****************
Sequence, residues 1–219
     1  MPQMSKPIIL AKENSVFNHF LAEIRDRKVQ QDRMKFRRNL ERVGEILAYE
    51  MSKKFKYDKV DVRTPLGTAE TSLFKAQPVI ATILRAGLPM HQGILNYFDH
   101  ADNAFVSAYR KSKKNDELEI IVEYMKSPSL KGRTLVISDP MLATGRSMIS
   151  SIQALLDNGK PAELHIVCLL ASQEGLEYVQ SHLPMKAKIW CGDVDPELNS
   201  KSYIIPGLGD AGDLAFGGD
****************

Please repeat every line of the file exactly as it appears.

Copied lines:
Sequence, residues 1–219
     1  MPQMSKPIIL AKENSVFNHF LAEIRDRKVQ QDRMKFRRNL ERVGEILAYE
    51  MSKKFKYDKV DVRTPLGTAE TSLFKAQPVI ATILRAGLPM HQGILNYFDH
   101  ADNAFVSAYR KSKKNDELEI IVEYMKSPSL KGRTLVISDP MLATGRSMIS
   151  SIQALLDNGK PAELHIVCLL ASQEGLEYVQ SHLPMKAKIW CGDVDPELNS
   201  KSYIIPGLGD AGDLAFGGD